Interested in studying in Russia? Want to hear the voice of a real person, speaking of her ups and downs while experiencing student life here? Looking for a piece of advice? Prior to her departure, Sara Fraija, PSU student from Republic of Colombia, MSci in Geography ‘2022, spent her last moments on campus, meeting us at the Press Office for a brief yet sincere interview.
– Hello, Sara, could you please mention your study experience prior to Perm State University?
– For five years, I studied physics at the National University of Colombia (Universidad Nacional de Colombia). At school, I was good at mathematics, I liked its directions and laws, and this determined my choice of a specialty for studying at a university in my homeland. In 2019, I came to Perm to study meteorology.
– Why did you choose PSU?
– PSU was on the list of universities recommended for study at http://www.studyinrussia.com/.
– Why Perm? For it is cheaper than in St. Petersburg or Moscow?
– I had to choose a direction, and the distribution was carried out by the state, which provided financial support for further studies.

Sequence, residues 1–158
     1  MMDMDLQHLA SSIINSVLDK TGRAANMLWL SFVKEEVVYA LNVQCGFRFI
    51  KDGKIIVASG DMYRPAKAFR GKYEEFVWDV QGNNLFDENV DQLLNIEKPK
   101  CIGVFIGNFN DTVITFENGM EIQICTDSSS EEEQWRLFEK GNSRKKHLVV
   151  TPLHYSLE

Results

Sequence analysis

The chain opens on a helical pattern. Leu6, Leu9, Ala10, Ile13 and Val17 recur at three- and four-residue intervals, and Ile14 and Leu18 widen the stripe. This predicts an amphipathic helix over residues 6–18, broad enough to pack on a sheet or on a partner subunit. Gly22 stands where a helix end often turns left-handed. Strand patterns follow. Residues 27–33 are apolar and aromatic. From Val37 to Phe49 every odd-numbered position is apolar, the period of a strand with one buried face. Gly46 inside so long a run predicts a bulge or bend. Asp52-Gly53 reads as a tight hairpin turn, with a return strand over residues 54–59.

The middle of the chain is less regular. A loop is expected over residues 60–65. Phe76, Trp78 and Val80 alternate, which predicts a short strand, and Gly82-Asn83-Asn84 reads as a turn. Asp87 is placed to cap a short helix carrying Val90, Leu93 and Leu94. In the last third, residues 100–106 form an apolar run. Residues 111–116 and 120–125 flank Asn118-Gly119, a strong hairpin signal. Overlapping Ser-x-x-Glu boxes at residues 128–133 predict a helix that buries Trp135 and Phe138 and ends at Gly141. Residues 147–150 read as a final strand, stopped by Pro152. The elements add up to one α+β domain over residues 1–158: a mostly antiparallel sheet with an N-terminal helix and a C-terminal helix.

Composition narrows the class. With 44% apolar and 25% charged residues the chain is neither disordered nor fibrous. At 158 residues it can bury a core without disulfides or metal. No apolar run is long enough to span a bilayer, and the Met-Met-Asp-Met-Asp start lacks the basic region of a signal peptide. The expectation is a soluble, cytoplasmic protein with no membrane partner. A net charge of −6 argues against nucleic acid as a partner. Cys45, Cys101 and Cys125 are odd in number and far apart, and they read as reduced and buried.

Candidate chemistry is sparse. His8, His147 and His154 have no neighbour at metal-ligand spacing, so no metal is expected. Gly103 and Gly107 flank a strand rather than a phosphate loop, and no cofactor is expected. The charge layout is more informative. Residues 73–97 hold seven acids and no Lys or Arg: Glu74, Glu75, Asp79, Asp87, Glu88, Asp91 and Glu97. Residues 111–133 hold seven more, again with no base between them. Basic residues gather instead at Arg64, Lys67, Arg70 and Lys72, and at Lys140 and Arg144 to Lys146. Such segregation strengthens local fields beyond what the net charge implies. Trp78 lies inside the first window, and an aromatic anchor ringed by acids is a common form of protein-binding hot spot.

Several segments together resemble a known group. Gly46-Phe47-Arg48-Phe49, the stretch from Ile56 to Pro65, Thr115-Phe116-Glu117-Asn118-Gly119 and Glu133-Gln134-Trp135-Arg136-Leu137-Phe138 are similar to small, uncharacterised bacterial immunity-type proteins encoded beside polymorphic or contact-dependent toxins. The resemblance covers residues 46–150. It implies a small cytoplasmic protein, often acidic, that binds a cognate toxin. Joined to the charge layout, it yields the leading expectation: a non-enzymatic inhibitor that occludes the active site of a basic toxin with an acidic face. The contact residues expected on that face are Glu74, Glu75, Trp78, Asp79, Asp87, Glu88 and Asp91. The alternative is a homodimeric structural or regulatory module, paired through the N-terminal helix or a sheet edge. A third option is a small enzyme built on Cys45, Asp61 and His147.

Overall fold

– Was it a full-time, campus-based study?
– Yes, although it fell on difficult covid times, so part of our classes were online, almost half of the master’s course, for a whole year.
– What was your master’s thesis about?
– Here, at PSU, I studied the effects of föhn. This is a type of wind common of the Caucasus, the Alps, the Carpathians, the Himalayas, the Pamirs and, of course, the Andes – a fairly strong, gusty wind that becomes dry when crossing the mountain range and quickly heats up when descending.
For South America, the effects of föhn are of great importance: coffee, cocoa, corn grow are known to grow at quite warm temperatures, yet they die crossing that threshold. While in the Andes, the temperature drops caused by föhns can be 20’C degrees per day, and in Russia they reach even 40’C.
Föhns have a strong impact on living conditions and agriculture – from faster flowering of gardens to drought, dust, even avalanches, and a sharp cold pause after its decline. This is a very interesting phenomenon that might and should be studied using physics and mathematical calculations.
– What do you see yourself on your arrival back home, in Colombia?
– I would like to work as a meteorologist at the meteorological institute.